And the best way to protect the legal rights of LGBTQ teens, according to Bevel, is not threatening litigation but working with agencies that serve teens. “We need to build partnerships,” Bevel told his audience of teachers, counselors, social workers and lawyers on Saturday at Time to THRIVE, a Las Vegas conference organized by the Human Rights Campaign Foundation to promote the wellbeing of LGBTQ youth, who have higher rates of suicide, homelessness, depression and addictions than their straight peers.
Author(s): United States Department of Education - Institute of Education Sciences - National Center for Education Evaluation and Regional Assistance
Published: February 2014
"This report, based on surveys completed by all 50 SEAs and the District of Columbia (DC) during spring 2011, examines which states were implementing the key education reform strategies promoted by the Recovery Act in 2010-11, the extent to which implementation reflected progress since Recovery Act funds were first available, and states’ challenges with implementation. Findings showed variation across the strategies assessed. Almost all SEAs provided guidance for choosing and implementing one of the four school intervention models ED recommended to improve low performing schools, while only two reported supporting teacher evaluation models that included the complete set of criteria (e.g., use of student achievement gains) that the Recovery Act promoted. Difficulty in measuring student growth for teachers of nontested subjects was the challenge reported by the largest number of SEAs." -Dept.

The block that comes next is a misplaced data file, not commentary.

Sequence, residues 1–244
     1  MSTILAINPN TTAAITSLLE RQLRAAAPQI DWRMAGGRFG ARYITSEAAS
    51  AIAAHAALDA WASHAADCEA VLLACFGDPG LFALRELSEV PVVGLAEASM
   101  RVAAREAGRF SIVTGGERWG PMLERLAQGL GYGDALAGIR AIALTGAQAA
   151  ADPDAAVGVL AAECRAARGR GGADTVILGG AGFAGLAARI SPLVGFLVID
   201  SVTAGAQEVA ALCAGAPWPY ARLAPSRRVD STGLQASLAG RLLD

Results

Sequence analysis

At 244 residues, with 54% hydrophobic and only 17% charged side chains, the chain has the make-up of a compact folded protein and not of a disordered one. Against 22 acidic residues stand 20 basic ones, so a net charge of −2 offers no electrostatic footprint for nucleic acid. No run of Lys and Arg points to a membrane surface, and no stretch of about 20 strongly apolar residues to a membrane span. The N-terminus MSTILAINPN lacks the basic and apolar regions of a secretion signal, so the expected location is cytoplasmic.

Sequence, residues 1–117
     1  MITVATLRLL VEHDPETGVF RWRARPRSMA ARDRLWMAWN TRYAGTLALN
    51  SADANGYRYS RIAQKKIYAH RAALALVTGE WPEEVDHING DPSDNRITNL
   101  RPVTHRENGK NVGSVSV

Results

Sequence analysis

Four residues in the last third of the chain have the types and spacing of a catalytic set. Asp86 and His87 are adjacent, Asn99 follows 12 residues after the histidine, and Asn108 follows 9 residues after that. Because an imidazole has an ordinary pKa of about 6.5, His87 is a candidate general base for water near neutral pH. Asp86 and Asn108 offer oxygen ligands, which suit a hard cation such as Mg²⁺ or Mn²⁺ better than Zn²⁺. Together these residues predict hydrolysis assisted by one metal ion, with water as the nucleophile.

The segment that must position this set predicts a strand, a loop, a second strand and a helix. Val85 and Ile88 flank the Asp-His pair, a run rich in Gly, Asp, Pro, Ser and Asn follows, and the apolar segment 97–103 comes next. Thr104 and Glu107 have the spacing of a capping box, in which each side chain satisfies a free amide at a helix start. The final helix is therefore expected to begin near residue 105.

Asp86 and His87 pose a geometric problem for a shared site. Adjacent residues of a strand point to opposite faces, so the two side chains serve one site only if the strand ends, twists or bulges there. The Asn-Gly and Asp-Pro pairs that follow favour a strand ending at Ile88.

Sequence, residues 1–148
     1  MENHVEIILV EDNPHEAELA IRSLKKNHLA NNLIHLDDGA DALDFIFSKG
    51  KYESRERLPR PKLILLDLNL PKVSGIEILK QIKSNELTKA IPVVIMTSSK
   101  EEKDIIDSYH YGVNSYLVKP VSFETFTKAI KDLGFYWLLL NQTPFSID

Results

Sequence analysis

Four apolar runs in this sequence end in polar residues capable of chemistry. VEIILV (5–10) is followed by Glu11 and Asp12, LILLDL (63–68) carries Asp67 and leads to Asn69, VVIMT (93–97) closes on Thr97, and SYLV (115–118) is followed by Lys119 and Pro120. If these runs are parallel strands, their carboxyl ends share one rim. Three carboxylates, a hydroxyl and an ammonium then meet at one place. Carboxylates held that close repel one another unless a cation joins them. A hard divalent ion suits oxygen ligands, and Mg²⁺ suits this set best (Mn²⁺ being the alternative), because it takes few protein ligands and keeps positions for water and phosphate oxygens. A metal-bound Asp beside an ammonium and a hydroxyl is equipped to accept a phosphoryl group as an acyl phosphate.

A longitudinal twin study of physical aggression during early childhood: evidence for a developmentally dynamic genome